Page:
In the chapter #1 we learned how the intent of search engine users dictates the type of content they are shown. This is all managed by Google’s complex ranking algorithm which breaks searcher intent into separate categories. They are:
  • Know (find information)
  • Do (accomplish a goal)
  • Website (find a specific website)
  • Visit (visit a local business)
It’s a rookie mistake to assume everyone using Google is looking for the same thing. In reality, every potential customer is moving through their own personal buying cycle. Some people are just realising they have a problem and are looking for information, for example ‘reasons for back pain’. Others are further along their personal buying cycle and are looking for ways to accomplish their goals, for example ‘physiotherapist near me’.
While there are thousands of possible search types, here’s an example of 5 major categories of intent:
#1 – Informational Queries: This searcher is looking for information, such as the name of a rugby player or the distance between Christchurch and Wellington.
#2 – Navigational Queries: This searcher is looking for a specific address on the internet, such as Facebook or the homepage of the All Blacks.
#3 – Transactional Queries: This searcher is looking to complete a transaction in the near future (but not necessarily right now), such as buying a ticket to Australia or ordering food online.
#4 – Commercial Investigation Queries: This searcher wants to compare products and services to find the best one for their needs, such as comparisons between shoes or local tours.
#5 – Local Queries: This searcher is looking for a local product or service, such as a cafe, restaurant or retail store.
You don’t always need a full service SEO agency or expensive keyword research tools (though these can provide superior rankings and results). Your first step in the keyword research process should always be the SERPs. If you want to see what type of content your audience is looking for, enter keywords relating to your business, products and services and see for yourself.
Use the 5 major categories of intent above to see what’s ranking for those keywords, and create content that satisfies that specific user intent. That’s how you make keyword research simple.

BONUS: Keyword Research Tools for Your Business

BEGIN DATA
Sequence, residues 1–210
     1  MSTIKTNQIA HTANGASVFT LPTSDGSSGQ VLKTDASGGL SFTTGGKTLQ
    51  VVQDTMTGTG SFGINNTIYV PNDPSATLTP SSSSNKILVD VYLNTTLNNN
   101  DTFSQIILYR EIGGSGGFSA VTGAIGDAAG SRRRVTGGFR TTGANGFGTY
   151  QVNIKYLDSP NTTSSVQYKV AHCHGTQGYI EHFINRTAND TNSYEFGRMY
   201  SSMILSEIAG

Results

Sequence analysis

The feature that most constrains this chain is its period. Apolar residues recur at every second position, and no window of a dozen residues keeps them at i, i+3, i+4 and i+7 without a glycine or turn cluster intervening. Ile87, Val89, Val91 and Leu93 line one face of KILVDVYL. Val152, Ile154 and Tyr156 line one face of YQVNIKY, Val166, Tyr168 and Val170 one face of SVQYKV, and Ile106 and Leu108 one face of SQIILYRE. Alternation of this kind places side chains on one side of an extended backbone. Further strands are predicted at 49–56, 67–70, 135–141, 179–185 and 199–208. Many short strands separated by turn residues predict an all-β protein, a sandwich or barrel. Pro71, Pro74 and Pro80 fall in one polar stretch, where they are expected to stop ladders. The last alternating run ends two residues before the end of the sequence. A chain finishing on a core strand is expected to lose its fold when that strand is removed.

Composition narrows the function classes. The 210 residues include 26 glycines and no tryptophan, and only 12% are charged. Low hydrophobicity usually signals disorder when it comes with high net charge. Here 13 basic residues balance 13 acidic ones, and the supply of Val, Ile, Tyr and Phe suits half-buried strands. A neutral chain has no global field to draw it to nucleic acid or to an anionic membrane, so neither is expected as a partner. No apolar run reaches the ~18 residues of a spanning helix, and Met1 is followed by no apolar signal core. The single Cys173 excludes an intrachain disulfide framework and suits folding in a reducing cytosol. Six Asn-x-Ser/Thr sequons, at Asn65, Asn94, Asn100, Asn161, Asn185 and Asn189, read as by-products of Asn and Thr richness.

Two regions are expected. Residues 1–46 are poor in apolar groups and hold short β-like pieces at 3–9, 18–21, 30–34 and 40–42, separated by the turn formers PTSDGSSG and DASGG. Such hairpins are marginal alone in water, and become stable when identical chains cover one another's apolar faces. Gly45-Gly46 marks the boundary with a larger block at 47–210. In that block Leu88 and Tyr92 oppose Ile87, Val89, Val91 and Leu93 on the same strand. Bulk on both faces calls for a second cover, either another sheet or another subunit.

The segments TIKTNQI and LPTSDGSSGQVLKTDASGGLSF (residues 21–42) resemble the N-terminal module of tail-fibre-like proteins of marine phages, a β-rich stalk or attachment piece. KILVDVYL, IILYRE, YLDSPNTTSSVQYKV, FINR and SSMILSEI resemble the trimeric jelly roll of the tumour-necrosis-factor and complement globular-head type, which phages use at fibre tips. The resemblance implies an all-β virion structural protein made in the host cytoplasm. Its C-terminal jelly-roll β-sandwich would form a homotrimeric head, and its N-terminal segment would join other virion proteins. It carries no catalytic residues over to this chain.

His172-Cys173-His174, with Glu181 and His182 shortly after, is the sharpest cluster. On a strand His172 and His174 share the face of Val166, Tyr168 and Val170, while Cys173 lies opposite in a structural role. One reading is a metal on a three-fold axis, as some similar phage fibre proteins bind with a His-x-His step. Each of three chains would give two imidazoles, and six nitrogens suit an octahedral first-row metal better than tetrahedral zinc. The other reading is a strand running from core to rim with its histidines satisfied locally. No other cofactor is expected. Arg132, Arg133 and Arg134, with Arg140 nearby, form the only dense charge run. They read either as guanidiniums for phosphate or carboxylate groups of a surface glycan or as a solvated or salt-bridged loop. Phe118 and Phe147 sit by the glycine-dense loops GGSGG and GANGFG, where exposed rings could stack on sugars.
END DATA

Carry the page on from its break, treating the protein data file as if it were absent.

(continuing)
Quick recap…so far you’ve learned about the importance of long-tail keywords, how to use the SERPs to gauge the search intent of your target keywords, and a few simple ways to get strategic with your keywords.
But there’s one HUGE question left – how do you find which keywords have lower volume and are worth your time?
The answer is keyword research tools.
These tools provide insight into the average monthly volume of a keyword or keyword phrase. Using these tools you can quickly see if a search term has a high volume of searches per month (and an equally high level of competition). Or, if a search term is relevant, lower-volume, and long-tail (which is perfect for you).
We’ve rounded up a few keyword research tools to make your next SEO campaign easier.
Google Trends: Google’s free keyword tool analyses the popularity of searches in real time. This is the ideal tool to find fluctuations in keywords. Filter by region or by time to see the rise and fall of your target keywords. If you notice a pattern of spikes each year (this is an example of keywords by season) you can start optimising your pages in advance.
Answer The Public: Answer The Public also takes searches from Google in real time, visualising every related question people have been asking about your chosen keywords. Using an easy-to-understand search cloud, your keywords become questions that your audience needs answering. Optimising for these questions means finding a proven audience.
Keyword Surfer: The above tools provide keyword variety, while Keyword Surfer provides keyword volume. This free tool, available as a free extension, shows the average monthly search volume for your keywords, plus related variations (remember to set the filter to New Zealand).
Moz Keyword Explorer: Moz’s Keyword Explorer provides monthly search volume, related searches, as well as a handy difficulty score to show you how hard it would be to rank for your target keywords. A premium keyword tool that can do a ton for your SEO goals, you can unlock 10 free searches per month without upgrading to the paid version.
Google Keyword Planner: You’ll need a Google account to use Google Keyword Planner, but then you’re all set to use this 100% free tool to track keyword volume. This handy tool shows a monthly volume range, for example 10k – 100k, as well as related searches and the level of competition.

Congrats! You’re a Keyword Research Pro

Did you feel that? Your keyword research knowledge has just been leveled up.
Now that you know what keywords to target, the next chapter will show you how to create content so irresistible and well optimised it satisfies Google’s algorithm – putting you on the first page of Google. And also satisfies search intent – putting your business in front of the right people.
Chapter #4: On-site Optimisation